Three-year Expedition to East Greenland

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Sketchmap of the explored area, King Christian X Land
Norwegian-occupied Eirik Raudes Land (1931-1933)

The Three-year Expedition (Danish: Treårsekspeditionen) was an exploratory expedition to East Greenland that lasted from 1931 to 1934 financed by the Carlsberg Foundation and the Danish state. The expedition included aerial surveys.

Many geographic features in East Greenland were mapped and named during the expedition. Eskimonaes station was used as a wintering base by the Three-year Expedition to East Greenland.[1]

History[edit]

The expedition was led by Lauge Koch. The other participants were Danish and Swedish geographers, geologists, archaeologists, zoologists and botanists: Paul Gelting, Gunnar Seidenfaden, Thorvald Sørensen, Steen Hasselbach, Helge G. Backlund, Gunnar Thorson, Gunnar Säve-Söderbergh, Helge Larsen, Thyge Johansen, L. Bruhn, H. Heinrich Nielsen and N. V. Petersen. The expedition vessels were Godthaab and Gustav Holm.[2] The engagement of the Danish state had political connotations, because of the ongoing dispute between Denmark and Norway over East Greenland.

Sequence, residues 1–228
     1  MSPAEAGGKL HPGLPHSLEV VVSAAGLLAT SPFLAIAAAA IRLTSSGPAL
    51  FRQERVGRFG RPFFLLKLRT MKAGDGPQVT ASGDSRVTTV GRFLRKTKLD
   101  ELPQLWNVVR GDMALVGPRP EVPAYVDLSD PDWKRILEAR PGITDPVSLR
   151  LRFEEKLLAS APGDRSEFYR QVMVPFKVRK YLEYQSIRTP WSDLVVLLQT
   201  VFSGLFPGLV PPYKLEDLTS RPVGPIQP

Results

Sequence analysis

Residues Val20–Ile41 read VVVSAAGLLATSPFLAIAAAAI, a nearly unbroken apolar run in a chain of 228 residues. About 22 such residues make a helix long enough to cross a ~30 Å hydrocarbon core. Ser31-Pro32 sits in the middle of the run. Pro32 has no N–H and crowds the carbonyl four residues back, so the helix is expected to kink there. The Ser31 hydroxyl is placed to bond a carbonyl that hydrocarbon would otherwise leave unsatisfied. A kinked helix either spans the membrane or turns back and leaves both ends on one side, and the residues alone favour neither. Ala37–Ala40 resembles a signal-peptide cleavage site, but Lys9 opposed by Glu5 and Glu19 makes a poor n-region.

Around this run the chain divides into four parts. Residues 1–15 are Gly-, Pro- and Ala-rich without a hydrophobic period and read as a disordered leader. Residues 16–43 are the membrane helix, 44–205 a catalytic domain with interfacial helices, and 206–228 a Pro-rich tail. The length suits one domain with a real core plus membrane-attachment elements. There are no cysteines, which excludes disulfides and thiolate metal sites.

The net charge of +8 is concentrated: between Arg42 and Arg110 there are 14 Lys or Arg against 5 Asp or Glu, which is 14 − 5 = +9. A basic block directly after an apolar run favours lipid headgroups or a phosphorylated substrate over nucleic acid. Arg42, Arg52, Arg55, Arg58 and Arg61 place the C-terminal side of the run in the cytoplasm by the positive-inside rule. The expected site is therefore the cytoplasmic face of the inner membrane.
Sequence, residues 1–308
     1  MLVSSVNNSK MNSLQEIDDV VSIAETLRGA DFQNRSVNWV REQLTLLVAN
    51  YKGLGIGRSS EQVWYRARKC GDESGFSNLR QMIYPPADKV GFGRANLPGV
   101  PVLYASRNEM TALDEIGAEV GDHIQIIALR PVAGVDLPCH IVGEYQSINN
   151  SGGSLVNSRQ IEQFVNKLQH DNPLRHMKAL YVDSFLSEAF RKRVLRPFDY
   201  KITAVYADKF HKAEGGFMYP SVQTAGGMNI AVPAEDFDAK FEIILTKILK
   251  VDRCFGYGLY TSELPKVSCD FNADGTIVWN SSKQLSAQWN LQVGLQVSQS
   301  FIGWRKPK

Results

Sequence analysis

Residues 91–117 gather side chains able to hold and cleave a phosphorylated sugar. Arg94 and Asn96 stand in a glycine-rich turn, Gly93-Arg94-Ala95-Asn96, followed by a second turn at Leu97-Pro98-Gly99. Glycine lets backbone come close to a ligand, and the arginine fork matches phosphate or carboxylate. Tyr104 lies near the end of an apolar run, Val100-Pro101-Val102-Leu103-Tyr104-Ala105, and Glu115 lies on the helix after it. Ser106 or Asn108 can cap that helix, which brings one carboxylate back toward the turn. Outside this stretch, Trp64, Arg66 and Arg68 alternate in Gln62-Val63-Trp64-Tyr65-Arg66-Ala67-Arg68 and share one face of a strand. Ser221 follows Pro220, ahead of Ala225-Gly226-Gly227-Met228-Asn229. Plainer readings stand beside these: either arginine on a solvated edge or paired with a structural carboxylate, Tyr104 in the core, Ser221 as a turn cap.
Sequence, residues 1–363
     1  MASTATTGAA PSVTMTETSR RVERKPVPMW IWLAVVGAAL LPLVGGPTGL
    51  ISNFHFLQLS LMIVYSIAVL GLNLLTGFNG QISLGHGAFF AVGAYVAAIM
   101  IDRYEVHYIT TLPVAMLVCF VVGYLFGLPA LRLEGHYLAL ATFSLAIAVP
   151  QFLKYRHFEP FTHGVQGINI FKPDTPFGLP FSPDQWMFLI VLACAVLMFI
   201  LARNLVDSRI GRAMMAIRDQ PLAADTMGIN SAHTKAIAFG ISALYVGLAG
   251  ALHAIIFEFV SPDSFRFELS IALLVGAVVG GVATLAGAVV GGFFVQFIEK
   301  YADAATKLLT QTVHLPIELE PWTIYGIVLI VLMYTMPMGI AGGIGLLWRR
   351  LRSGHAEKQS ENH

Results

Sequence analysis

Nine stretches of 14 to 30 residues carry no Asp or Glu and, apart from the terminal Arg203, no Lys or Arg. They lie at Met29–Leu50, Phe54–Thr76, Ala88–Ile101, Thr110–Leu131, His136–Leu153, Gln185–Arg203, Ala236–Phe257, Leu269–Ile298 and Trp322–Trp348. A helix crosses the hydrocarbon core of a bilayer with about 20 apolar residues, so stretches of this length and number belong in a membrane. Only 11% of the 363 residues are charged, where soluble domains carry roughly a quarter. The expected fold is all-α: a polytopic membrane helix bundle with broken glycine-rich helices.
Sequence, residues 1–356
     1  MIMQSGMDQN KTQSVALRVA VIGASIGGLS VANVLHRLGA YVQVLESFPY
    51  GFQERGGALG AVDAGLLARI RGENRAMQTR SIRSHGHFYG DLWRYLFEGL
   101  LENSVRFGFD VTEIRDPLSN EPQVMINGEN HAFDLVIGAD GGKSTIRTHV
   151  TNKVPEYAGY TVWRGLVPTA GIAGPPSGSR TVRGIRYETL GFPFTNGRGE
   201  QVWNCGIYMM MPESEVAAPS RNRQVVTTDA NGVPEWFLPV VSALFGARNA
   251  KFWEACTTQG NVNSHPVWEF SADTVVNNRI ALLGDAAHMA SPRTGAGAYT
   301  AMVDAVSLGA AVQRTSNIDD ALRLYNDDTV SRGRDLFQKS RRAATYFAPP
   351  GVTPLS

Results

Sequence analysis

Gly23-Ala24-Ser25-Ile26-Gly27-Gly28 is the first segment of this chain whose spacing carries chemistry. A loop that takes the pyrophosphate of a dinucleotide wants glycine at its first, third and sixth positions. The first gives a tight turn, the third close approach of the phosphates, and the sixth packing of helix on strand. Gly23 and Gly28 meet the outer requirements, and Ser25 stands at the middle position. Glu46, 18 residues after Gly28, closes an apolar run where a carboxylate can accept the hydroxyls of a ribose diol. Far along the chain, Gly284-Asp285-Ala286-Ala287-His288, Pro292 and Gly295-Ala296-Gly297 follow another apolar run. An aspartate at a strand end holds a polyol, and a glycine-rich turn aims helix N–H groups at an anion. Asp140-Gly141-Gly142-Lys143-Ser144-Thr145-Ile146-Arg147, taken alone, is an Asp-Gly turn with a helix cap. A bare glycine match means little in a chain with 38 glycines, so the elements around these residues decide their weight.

View of the Elephant Foot Glacier at Romer Lake, first mapped by the Three-year Expedition.

See also[edit]

Bibliography[edit]

  • Thorson, G., ed. (1937) Med treaarsekspeditionen til Christian X's land. Af deltagere i ekspeditionen. København, Gyldendalske Boghandel Nordisk Forlag. 281 pp.
  • Seidenfaden, G. (1938) Moderne Arktisk Forskning, Copenhagen. English edition 1939, Modern Arctic Exploration, with a preface by Peter Freuchen, translated by Naomi Walford. 189 pp.

References[edit]

  1. ^ "Catalogue of place names in northern East Greenland" (PDF). Geological Survey of Denmark. Retrieved 8 July 2016. 
  2. ^ Koch, Lauge (1933) The Danish Three-Year Expedition to King Christian X Land. Geographical Review 23 (4): 599-607. Full text